Dir: Paul Robinson | Cast: David Fielder, Nigel Hastings | UK Drama 80′
Farm animals are having a tough time at the moment and especially dairy cows, blamed for raising the levels of methane and killing random walkers straying onto their territory when all they want to do is moo and chew in peace. But this is nothing compared to twenty years ago when the bovine population was decimated by foot and mouth disease and millions of livestock were systematically and often brutally slaughtered to control the outbreak.
This film version of Bea Roberts’ award-winning play takes place on a south Devon farm during that fateful epizootic of 2001. And although the narrative is rather slim, the summery English countryside sees the story soar above its stage origins in a colourful and genuinely moving look at male friendship with the original cast of Nigel Hastings and David Fielder terrific as the unlikely couple thrown together in crisis.
The last episode of foot and mouth disease occurred over twenty years ago but those TV images of livestock being incinerated in vast fires all over the countryside are still haunting with the farming community bearing the brunt of the crisis, psychologically and in their pockets.
Seasoned farmer Michael (Fielder) really brings all this home to us as a recent widower who had become fiercely attached to his small herd of dairy cows, naming them after members of the royal family. And we really feel for him and his animals with the demise of dairy farming threatening to be a frightening possibility: “there have cows on this farm for over 200 years and now there’s nothing” he complains bitterly.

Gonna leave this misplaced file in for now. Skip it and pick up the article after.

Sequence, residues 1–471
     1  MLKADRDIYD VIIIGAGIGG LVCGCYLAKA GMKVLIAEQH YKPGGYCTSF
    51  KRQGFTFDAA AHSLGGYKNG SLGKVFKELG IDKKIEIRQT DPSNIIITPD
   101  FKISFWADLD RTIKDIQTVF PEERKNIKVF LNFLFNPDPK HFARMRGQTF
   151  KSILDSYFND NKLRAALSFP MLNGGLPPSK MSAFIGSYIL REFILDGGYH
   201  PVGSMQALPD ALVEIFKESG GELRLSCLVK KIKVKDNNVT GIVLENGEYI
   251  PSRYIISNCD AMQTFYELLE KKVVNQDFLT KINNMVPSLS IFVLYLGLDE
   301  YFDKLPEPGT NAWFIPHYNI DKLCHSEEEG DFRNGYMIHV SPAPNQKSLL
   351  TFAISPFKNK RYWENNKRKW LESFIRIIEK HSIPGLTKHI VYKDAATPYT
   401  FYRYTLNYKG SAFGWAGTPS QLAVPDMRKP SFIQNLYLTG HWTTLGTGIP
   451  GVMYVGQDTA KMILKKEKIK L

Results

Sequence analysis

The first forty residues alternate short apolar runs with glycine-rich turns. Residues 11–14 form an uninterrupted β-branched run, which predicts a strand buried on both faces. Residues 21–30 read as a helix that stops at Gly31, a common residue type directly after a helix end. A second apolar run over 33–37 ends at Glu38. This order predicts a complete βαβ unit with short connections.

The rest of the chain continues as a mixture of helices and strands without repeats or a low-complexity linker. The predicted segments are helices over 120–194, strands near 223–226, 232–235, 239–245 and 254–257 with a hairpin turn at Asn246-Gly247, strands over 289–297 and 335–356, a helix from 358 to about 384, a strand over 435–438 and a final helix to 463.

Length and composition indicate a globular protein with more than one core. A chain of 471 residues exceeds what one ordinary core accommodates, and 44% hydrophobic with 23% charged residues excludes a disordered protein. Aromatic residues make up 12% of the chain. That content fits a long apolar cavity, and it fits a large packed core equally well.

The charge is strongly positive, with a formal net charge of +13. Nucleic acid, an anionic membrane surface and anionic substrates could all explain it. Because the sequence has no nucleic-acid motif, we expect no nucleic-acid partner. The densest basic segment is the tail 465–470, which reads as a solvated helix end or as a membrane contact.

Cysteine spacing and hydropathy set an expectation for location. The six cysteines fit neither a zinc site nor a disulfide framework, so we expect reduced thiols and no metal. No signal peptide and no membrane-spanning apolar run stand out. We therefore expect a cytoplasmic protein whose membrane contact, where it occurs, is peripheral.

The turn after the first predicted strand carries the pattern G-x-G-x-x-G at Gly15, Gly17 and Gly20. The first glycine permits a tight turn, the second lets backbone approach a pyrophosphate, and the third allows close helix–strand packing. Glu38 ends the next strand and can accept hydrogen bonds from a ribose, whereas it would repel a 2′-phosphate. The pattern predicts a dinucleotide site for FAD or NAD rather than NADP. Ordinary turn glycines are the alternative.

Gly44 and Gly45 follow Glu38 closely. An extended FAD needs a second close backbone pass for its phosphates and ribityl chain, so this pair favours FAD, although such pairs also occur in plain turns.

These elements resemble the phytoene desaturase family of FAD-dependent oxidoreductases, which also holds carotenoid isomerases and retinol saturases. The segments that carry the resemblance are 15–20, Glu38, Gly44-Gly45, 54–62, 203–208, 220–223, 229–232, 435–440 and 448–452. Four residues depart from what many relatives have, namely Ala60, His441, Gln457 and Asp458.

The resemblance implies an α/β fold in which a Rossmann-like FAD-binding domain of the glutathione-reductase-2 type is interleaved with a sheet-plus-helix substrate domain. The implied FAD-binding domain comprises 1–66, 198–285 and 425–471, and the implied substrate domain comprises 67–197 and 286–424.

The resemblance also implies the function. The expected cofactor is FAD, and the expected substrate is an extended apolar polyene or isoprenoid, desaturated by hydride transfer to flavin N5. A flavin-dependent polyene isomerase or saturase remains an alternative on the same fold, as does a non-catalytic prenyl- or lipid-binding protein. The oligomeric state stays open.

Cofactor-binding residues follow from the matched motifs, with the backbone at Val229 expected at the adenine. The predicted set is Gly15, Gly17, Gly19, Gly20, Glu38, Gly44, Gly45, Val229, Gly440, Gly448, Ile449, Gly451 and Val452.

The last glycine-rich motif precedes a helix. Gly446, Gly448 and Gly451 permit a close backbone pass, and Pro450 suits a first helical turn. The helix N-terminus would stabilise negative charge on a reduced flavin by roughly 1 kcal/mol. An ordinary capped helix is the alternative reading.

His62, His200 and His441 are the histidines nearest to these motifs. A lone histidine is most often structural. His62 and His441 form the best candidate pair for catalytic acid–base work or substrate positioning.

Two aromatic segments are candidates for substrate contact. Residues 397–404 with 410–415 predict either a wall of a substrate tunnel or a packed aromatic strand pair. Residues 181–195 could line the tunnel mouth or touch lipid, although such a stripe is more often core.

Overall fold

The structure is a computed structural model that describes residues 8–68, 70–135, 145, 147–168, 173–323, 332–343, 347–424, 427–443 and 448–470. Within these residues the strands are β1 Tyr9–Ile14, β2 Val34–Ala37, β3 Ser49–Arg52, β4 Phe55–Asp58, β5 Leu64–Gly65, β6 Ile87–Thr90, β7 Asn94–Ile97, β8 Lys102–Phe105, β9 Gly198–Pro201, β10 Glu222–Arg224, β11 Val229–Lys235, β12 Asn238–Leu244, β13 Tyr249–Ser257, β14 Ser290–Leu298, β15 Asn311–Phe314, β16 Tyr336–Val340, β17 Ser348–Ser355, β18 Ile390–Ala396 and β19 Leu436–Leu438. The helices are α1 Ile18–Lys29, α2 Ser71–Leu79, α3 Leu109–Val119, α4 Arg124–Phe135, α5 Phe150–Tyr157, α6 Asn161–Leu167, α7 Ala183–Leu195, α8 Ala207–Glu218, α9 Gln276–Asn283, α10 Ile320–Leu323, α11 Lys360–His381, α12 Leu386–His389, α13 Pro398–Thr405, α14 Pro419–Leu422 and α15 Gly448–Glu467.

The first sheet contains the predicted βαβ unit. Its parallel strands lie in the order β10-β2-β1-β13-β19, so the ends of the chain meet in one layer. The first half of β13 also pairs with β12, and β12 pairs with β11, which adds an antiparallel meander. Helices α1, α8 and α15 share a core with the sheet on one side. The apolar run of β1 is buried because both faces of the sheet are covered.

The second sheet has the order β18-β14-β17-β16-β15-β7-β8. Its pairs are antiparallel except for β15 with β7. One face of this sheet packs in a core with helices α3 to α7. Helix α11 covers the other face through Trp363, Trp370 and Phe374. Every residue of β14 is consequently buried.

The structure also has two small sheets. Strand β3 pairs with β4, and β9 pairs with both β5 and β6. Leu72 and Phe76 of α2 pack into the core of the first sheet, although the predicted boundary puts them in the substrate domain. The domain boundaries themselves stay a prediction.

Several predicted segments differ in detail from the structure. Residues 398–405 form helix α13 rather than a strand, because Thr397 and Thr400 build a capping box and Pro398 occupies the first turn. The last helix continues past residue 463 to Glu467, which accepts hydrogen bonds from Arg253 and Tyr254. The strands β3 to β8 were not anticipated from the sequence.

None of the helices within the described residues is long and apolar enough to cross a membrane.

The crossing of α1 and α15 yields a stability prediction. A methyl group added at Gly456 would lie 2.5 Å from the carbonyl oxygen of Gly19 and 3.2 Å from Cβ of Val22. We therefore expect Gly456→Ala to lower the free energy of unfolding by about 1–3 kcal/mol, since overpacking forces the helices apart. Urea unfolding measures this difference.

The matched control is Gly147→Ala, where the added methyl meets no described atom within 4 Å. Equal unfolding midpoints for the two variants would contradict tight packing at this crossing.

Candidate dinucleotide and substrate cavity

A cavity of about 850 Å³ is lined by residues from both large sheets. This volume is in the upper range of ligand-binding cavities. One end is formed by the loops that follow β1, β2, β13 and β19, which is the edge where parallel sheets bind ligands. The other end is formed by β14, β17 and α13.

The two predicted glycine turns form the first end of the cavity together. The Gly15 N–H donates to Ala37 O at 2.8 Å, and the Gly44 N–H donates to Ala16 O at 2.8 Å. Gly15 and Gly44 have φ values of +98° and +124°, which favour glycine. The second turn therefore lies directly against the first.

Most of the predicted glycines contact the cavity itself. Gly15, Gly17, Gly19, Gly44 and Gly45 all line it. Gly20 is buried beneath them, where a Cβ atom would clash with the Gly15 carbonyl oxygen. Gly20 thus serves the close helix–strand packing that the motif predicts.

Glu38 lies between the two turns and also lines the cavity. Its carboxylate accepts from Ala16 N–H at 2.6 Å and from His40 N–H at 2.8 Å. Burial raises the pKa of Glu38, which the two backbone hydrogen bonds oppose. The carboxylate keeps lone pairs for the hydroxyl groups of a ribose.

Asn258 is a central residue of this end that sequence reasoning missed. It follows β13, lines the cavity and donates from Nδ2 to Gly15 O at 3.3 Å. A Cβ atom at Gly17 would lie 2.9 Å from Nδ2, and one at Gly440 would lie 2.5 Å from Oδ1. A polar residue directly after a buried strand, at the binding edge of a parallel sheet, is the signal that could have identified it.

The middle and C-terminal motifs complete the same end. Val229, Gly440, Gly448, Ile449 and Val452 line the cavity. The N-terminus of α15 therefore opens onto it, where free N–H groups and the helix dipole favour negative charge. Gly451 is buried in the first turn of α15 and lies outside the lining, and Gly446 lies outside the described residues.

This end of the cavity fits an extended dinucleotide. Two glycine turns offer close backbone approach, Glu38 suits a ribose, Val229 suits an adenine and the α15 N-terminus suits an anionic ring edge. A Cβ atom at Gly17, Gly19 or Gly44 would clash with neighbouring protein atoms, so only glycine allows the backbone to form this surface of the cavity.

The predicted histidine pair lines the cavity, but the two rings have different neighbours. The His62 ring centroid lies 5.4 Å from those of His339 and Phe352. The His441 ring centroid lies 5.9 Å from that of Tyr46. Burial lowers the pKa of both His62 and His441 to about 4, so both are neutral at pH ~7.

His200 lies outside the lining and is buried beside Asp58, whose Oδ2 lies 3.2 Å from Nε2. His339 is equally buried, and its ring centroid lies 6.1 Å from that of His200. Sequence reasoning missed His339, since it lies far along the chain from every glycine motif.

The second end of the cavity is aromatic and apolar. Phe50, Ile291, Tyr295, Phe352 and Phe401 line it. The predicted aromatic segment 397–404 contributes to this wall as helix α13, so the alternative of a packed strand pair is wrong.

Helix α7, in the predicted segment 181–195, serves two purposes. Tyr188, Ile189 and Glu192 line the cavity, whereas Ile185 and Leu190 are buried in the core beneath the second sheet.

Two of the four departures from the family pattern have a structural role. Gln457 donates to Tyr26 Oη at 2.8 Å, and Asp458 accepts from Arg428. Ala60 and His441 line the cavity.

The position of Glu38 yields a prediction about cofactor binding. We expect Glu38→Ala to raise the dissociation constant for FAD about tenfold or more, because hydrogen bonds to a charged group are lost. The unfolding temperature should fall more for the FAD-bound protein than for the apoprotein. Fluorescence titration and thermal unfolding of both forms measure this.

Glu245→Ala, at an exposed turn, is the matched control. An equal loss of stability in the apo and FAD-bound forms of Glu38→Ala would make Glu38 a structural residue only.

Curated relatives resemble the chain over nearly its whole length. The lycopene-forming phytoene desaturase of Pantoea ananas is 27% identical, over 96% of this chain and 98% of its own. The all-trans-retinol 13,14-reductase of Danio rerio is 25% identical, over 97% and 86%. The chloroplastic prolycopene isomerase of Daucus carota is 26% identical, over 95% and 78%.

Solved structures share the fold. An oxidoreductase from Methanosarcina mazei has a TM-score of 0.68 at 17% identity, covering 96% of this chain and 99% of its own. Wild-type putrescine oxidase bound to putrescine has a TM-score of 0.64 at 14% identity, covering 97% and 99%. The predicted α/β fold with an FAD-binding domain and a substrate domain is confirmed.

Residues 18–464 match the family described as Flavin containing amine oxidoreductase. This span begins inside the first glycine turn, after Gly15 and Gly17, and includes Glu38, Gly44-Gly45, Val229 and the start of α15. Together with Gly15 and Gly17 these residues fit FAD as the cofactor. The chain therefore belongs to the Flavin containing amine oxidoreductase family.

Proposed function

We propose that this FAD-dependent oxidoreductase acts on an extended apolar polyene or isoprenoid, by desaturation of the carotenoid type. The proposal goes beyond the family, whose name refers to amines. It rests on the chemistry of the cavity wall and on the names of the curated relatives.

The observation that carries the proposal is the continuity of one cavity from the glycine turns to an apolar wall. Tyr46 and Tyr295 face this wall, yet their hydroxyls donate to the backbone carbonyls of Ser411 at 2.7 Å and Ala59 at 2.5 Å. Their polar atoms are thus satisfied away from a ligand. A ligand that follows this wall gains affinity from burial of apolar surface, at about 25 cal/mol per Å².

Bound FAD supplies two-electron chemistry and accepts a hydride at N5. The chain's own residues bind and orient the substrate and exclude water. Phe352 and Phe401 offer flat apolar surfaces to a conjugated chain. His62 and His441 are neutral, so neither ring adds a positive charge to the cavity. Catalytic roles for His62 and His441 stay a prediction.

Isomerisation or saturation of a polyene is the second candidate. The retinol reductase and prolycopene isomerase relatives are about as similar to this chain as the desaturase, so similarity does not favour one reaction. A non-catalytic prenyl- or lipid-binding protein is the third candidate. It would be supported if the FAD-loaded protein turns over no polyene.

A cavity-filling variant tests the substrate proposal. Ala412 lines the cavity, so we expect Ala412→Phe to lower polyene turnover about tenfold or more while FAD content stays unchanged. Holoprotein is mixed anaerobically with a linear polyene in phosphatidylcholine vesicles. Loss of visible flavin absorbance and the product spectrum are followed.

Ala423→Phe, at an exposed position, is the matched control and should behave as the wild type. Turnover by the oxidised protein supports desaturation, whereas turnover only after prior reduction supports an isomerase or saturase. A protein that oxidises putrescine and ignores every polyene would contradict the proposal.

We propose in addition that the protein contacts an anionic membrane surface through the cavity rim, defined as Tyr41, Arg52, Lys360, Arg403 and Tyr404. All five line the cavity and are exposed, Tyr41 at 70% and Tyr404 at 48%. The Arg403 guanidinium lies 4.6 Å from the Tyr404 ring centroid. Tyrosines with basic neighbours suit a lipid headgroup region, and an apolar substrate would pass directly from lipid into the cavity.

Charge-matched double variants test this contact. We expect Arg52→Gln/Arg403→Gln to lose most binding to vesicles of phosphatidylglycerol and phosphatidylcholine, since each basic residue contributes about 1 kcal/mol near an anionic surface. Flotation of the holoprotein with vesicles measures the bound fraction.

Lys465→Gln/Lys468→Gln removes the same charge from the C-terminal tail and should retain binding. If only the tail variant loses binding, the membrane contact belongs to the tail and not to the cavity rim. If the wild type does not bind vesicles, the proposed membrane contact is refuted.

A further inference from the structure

Vet and close friend Jeffrey (Hastings) offers to help with the government enforced slaughter, ensuring humane methods, but Micheal is inconsolable and furious at this intrusion into his personal property, threatening to blow the men from the ministry away with a two-barrelled shot gun in scenes that are both pitiful and tragic (we see the flames, but not the cows in John Craine’s clever cinematography). Jeffrey’s life is not without its marital complications bringing these two lonely men closer in the absence of women. And Then Comes the Nightjars serves both as a touching tribute to that terrible time and to male friendship.
25 & 26 August | Chichester Film Festival | IN CINEMAS FROM 1 SEPTEMBER 2023